Charlottesville City Council will have a public hearing on the proposed fiscal year on Monday, April 5. On March 25 they held a work session on the proposed capital improvement program as well as what to do with some additional revenue that budget staff now anticipates receiving during the year that begins on July 1.
For months, budget staff have been telling Council that the city is close to its capacity to raise additional debt. (link to presentation) (watch on city website)
“With the proposed CIP we are projecting a five year debt financing of roughly $121 million,” said senior budget management analyst Krissy Hammill. “WIth the bonds that we’ve previously committed but not issued, and the CIP before you, we are committing to a debt capacity of about $195 million.”
Since October 2017, the Regional Transit Partnership has met as a program of the Thomas Jefferson Planning District Commission (TJPDC). The group consists of Charlottesville and Albemarle officials, and the University of Virginia joined the partnership by the end of 2019. The idea is to share information with an eye to having the city-owned Charlottesville Area Transit, the public service corporation Jaunt, and the University Transit System work better together.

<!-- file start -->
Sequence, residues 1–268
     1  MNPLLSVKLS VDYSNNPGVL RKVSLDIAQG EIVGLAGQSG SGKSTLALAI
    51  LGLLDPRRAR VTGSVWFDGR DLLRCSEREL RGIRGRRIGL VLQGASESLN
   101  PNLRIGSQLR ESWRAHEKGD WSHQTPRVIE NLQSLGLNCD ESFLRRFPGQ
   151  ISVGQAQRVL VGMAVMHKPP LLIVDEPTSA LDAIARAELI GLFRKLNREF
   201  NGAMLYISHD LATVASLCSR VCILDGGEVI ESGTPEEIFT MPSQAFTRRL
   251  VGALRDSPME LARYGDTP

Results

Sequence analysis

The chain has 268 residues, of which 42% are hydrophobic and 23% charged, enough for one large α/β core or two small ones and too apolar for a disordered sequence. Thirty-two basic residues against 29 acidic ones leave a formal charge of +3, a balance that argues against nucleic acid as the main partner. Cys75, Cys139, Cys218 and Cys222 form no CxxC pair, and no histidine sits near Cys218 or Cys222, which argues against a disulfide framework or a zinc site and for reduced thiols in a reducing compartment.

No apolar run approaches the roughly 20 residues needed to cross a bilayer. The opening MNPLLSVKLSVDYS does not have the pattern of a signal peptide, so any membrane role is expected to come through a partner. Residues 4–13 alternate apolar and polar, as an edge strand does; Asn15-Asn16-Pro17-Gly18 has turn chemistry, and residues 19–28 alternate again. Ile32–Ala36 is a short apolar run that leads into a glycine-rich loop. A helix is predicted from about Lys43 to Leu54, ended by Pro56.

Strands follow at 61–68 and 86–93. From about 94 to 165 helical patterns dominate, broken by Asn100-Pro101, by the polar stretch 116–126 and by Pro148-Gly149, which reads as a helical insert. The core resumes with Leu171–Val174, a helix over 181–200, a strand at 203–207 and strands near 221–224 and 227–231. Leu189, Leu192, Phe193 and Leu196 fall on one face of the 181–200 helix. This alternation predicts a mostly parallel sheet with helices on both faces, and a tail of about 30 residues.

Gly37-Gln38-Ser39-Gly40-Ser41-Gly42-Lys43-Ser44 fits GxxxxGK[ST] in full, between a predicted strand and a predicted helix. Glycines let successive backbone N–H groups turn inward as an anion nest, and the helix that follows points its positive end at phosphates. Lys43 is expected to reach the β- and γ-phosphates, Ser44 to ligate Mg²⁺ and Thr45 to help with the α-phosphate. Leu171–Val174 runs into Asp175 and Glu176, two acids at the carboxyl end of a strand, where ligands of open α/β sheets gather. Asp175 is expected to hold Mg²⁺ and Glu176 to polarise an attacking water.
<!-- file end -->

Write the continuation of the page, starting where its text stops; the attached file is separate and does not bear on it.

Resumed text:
Last week, regional leaders got an update on the creation of a regional transit vision that the TJPDC is working on that will serve as a blueprint for a more efficient system. The next milestone is for a committee to select a firm to work on the project. Jessica Hersh-Ballering is a transportation planner with the TJPDC who spoke at March 25 RTP meeting.
“The regional transit vision plan requires technical assistance from a consulting team and the role of the selection committee is to review proposals from those firms to the vision plan [request for proposals] and then to recommend to the Regional Transit Partnership a preferred firm to complete the vision plan,” said Hersh-Ballering.
On Tuesday, a ceremony was held at the Alexandria train station that is the culmination of an announcement in December 2019 from Governor Ralph Northam about a $3.7 billion investment in Virginia rail.
- A $1.9 billion bridge over the Potomac River dedicated to passenger rail
- Public purchase of 223 miles of track and 386 miles of right of way from CSX
- $1 billion in related infrastructure improvements in Virginia
The Virginia Supreme Court has ruled that Charlottesville can remove two Confederate statues in city parks that were erected in the early 1920’s. In February 2017, Council voted to remove statues of two Confederate generals and were soon sued by a group who argued the statues were protected war memorials under a law that passed the General Assembly in 1997. A Charlottesville Circuit Court judge backed them up the plaintiffs in an October 2019 ruling.
“It has long been the law of the Commonwealth that retroactive application of statutes disfavored,” reads the opinion.